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Coalition breaks through language, culture barriers

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by Krystal Paco

Guam - They call themselves the Culture and Language Access Service Partners (CLASP), and they're a newly formed coalition hoping to breakthrough culture and language barriers.

"It's a very new group except that our efforts are not very new," said Mariles Benavente. With the Judiciary of Guam taking the lead, UOG CEDDERS' Benavente says today's forum allows service providers and interpreters to team up for a common goal - to keep residents from getting lost in translation.

"We've all been in isolated arenas working to provide training and support for interpreters and more information on how to do this but we finally decided somehow that we need to work together to maximize our resources so that we could address the issues," she added.

Witnessing the disparities first-hand, retired judge Elizabeth Barrett-Anderson said, "It's been a real serious issue. I was a trial judge for 14 years and the need for interpreters in all our languages, all our FAS, FSM, and Asian languages was critical for due process for the defendant. Cases were continued, due process was not up to par. If the defendant who comes in cannot speak the language, then there's no justice. There's no access to justice."

To date, the Judiciary has trained 50 interpreters with 38 still at the court representing 18 languages. Interpreters, who work as independent contractors, were present at today's forum and able to network with different agencies who may also be in need of their services, including public health service providers who too often, see young children or relatives translating for family members.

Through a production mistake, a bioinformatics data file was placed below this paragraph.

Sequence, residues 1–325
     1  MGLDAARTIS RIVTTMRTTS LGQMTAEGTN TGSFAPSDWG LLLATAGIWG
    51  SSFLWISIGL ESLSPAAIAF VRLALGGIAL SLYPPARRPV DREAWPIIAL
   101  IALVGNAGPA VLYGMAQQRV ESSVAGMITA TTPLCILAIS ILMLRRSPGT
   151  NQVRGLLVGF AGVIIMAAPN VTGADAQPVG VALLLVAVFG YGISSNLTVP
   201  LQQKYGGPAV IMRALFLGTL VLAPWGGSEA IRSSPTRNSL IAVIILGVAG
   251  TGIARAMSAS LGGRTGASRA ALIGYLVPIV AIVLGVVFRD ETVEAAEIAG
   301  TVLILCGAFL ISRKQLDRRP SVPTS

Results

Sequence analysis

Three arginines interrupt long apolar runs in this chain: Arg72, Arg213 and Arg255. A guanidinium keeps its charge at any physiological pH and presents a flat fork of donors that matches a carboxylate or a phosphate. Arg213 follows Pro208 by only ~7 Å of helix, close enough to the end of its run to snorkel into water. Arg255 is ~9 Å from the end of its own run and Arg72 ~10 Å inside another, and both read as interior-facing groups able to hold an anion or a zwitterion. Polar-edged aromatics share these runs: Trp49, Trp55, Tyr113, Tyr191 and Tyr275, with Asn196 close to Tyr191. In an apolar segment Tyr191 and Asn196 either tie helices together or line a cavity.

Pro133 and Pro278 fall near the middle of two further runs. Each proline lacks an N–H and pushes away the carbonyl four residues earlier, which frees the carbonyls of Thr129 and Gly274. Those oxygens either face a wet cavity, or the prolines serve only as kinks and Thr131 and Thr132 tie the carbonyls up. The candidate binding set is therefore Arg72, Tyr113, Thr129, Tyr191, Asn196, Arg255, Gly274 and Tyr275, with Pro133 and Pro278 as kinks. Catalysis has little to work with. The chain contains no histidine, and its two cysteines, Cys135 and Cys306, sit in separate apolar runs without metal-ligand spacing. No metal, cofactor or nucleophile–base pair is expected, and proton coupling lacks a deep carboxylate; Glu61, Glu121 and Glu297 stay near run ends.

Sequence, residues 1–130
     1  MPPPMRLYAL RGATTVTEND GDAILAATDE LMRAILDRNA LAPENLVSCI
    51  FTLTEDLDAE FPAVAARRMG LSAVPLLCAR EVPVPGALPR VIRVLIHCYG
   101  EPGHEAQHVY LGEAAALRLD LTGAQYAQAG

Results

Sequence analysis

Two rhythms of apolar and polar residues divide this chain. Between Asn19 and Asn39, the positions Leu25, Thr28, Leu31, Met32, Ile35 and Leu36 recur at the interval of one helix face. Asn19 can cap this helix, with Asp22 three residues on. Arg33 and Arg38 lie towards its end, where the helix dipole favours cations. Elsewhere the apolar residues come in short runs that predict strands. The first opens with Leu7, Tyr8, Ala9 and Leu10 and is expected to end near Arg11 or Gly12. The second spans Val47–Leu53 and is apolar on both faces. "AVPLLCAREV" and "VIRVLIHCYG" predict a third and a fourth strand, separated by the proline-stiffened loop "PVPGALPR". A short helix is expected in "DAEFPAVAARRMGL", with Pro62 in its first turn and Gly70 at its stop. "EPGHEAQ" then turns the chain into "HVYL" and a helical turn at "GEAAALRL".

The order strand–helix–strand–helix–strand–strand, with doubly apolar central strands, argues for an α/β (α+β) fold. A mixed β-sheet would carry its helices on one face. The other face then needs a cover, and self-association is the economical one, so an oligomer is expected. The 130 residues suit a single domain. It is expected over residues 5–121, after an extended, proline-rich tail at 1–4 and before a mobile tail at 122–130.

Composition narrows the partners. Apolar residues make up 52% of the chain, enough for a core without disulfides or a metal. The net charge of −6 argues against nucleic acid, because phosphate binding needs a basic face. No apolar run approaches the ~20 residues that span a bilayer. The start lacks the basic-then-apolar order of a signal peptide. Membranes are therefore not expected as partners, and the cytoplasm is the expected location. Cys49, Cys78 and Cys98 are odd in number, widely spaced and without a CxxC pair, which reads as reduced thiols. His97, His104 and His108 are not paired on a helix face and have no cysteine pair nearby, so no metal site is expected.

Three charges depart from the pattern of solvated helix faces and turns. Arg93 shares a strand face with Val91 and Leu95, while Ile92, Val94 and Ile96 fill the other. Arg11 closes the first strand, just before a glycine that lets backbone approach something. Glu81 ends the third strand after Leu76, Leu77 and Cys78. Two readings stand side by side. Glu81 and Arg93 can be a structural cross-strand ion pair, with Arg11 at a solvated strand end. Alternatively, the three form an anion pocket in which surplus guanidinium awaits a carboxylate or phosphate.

UOG interim director of the School of Nursing Dr. Margaret Hattori-Uchima said, "There is research that shows if you use a family member there is a higher rate of non compliance or not adhering to the treatment plan that the physician has prescribed but also greater risk of non-compliance with medications."

Even simple things like reading directions for prescription drugs are obstacles for non-English speaking residents. "In Spanish, that's 11. But O-N-C-E is once a day so the patient took 11 pills rather than one. That's a simple example but very shocking," she said.

And service providers are advised to avoid using jargon or idioms without literal meanings. After all, it could set up the patient for misunderstanding and ultimately, not trusting their healthcare provider, noting, "We have all the good intentions but it's our language sometimes that can sometimes cause problems and miscommunication."

Meanwhile, the Guam Community College will be doing their part to grow the interpreter field. After all, it takes more than speaking a second language to become an interpreter.

"An interpreter has to understand the skills of interpreting. Has to understand the standards of confidentiality," she said.

Barrett-Anderson adds that the court continues to need interpreters for Vietnamese, Cambodian, and Thai. 

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